Why are cricket spectators always short-changed?
Friday's rain in Leeds was not mere meteorological happenstance, resulting from crowded isobars or cheeky northerlies; it came about because God, who I happen to know appreciates a good bit of architecture, still waxes vengeful every time he sets eyes on that monstrosity they call the Carnegie Pavilion: the architectural offspring that resulted from the coming together of an East German secret-police building and a Bond villain's underwater lair.
Similar divinely ordained retribution has been meted out across the Pennines for decades. God knew one day it would come to pass that the citizens of the red rose county would erect an enormous scarlet representation of a child's plastic construction brick right next to a lovely Victorian pavilion, and he wanted to punish them in advance with a deluge, though having promised never to do the full 40-day flood again, he has instead drizzled on them in installments for decades.
The Headingley deluge prevented cricket fans from getting a view of what is being excitingly billed as England's "experimental" one-day team, an interesting use of the word, but an apposite one, in that the cobbled-together collective due to take the field at some point this month reminds us of the kind of experiments Dr Frankenstein liked to dabble in. The whole thing sort of looks okay - bowlers and batsmen more or less in the right place - but there's something vaguely unnatural about it; it appears to be rather clumsily put together, and leaves you feeling uneasy. Particularly if you've paid £100 for your ticket.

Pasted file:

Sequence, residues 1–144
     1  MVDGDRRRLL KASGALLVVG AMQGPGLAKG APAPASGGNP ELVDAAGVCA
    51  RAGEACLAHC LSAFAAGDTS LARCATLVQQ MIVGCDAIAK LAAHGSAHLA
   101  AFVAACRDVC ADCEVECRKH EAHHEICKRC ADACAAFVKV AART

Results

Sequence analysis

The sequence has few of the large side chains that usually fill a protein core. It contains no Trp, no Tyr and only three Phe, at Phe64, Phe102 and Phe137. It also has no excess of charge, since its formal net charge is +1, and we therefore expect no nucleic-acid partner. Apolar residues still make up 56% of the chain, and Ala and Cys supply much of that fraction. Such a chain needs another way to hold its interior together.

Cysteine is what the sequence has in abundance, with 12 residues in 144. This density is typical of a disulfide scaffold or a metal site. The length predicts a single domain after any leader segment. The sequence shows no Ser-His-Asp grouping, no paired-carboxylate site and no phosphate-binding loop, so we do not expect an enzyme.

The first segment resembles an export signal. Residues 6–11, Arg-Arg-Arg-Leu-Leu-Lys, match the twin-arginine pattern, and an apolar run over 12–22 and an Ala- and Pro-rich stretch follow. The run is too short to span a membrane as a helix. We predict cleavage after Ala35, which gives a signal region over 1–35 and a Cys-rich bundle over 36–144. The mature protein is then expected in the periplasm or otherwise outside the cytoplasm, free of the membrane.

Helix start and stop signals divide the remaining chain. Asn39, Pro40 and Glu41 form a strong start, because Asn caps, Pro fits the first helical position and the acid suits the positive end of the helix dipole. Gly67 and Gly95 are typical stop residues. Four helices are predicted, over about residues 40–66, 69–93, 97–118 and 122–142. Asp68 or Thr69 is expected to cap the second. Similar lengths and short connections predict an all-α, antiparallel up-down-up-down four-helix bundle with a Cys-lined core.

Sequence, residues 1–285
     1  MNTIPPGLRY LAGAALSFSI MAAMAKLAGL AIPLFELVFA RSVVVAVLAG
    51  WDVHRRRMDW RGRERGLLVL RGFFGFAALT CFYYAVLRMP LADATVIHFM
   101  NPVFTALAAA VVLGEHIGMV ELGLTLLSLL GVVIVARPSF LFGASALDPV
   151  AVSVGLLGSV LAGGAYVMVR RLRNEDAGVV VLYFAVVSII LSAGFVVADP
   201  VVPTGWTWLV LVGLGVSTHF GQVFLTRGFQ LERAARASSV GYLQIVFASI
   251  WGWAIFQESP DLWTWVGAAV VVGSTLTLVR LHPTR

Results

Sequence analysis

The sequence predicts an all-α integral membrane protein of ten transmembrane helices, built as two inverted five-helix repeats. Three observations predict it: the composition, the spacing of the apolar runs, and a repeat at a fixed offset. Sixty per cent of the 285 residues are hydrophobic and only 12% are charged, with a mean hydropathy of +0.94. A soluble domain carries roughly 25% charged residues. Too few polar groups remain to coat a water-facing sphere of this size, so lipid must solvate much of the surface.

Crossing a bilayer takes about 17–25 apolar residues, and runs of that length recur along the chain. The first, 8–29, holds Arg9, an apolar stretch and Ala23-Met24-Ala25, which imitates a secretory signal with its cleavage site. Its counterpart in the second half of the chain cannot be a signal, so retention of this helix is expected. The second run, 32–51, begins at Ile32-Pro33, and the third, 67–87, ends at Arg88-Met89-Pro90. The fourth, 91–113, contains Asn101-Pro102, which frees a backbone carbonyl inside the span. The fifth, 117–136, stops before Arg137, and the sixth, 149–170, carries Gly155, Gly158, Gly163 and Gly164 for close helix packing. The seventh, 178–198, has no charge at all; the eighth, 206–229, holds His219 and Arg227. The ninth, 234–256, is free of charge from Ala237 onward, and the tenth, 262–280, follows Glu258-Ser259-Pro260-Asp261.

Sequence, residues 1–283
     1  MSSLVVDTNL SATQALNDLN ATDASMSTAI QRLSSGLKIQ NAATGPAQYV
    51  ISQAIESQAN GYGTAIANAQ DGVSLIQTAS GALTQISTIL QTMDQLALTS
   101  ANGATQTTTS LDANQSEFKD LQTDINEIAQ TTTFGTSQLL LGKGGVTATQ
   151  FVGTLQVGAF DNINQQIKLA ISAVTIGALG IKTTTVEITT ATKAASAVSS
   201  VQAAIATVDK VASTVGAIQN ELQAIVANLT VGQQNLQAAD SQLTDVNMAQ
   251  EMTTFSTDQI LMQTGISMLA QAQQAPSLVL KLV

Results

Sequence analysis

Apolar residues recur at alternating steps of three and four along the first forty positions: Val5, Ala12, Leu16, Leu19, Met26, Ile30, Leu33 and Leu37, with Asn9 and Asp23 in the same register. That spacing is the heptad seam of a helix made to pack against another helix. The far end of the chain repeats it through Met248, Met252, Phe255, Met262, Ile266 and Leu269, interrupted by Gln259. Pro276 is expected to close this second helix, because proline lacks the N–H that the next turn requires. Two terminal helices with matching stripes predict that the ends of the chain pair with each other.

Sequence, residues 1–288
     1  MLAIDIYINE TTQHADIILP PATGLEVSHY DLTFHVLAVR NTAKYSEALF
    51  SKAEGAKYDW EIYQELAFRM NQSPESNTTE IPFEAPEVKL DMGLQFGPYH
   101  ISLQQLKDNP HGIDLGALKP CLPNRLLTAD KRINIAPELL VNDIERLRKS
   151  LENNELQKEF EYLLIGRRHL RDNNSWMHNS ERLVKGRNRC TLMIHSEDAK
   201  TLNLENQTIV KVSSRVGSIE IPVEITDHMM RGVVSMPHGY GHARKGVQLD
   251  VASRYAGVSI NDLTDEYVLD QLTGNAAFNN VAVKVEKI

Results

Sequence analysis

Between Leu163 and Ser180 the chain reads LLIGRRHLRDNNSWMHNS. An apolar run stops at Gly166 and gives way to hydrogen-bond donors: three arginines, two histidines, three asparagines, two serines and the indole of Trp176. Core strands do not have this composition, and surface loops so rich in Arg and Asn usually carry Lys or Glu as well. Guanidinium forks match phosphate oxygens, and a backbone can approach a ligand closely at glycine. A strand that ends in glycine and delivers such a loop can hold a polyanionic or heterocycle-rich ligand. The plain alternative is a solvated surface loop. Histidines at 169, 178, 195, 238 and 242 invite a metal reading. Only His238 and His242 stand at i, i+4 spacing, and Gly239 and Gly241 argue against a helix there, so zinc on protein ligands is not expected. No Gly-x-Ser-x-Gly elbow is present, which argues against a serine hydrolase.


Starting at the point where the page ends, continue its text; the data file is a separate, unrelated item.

Things did not end well for Dr Frankenstein and let us hope that this series does not conclude with Dr Flower and his minion Ashley trapped on the Rose Bowl balcony as the thunder rumbles, the lightning flashes, the wind howls, and a mob of angry peasants bearing pitchforks, torches and hastily assembled Jamie Overton banners march on the pavilion.
Our great sport is an art form, not a bit of throwaway entertainment. As CLR James said:
"Cricket is first and foremost a dramatic spectacle. It belongs with the theatre, ballet, opera and the dance."
And yet, cricket spectators are too often treated like naïve punters at some dodgy backstreet sideshow: fleeced on the way in, short-changed on the way out. If you'd paid to watch Cecilia Bartoli, you'd be a bit miffed if you turned up, ticket and opera glasses in hand, to discover that she'd been told to take a few weeks off to prepare for a more important show in Australia, and, as an experiment, Robin Thicke would be filling in.
Such is this Australian team's remarkable ability to limbo under the low-expectation bar, our Antipodean cousins may yet find a way to lose to Dr Flower's hastily assembled monstrosity, but that would hardly be the point. Australian selection policy has long been an experiment, and like the work at CERN, could take many millions of hours perusing spreadsheets, clipboards and Antiproton Decelerators to show positive results. But whilst it may be some years yet before they discover the elusive Gilchrist-Hayden-Warne particle, in the meantime, they are at least trying to play their best team.
Andrew Hughes is a writer currently based in England. He tweets here